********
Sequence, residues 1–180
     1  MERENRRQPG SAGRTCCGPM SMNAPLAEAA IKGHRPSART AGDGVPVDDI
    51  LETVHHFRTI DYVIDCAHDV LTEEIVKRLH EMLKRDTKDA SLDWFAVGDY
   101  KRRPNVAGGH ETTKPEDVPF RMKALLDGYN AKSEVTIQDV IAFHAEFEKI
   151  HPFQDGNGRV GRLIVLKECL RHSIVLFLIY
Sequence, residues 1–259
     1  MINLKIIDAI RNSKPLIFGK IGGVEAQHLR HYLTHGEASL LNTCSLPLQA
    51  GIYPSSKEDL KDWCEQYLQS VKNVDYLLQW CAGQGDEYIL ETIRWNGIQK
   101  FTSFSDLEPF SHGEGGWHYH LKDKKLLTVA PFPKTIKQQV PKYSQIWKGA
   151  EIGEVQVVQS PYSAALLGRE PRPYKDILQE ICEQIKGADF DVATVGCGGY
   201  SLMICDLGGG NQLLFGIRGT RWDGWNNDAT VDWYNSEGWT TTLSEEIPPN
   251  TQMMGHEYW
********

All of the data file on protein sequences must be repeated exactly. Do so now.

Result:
Sequence, residues 1–180
     1  MERENRRQPG SAGRTCCGPM SMNAPLAEAA IKGHRPSART AGDGVPVDDI
    51  LETVHHFRTI DYVIDCAHDV LTEEIVKRLH EMLKRDTKDA SLDWFAVGDY
   101  KRRPNVAGGH ETTKPEDVPF RMKALLDGYN AKSEVTIQDV IAFHAEFEKI
   151  HPFQDGNGRV GRLIVLKECL RHSIVLFLIY
Sequence, residues 1–259
     1  MINLKIIDAI RNSKPLIFGK IGGVEAQHLR HYLTHGEASL LNTCSLPLQA
    51  GIYPSSKEDL KDWCEQYLQS VKNVDYLLQW CAGQGDEYIL ETIRWNGIQK
   101  FTSFSDLEPF SHGEGGWHYH LKDKKLLTVA PFPKTIKQQV PKYSQIWKGA
   151  EIGEVQVVQS PYSAALLGRE PRPYKDILQE ICEQIKGADF DVATVGCGGY
   201  SLMICDLGGG NQLLFGIRGT RWDGWNNDAT VDWYNSEGWT TTLSEEIPPN
   251  TQMMGHEYW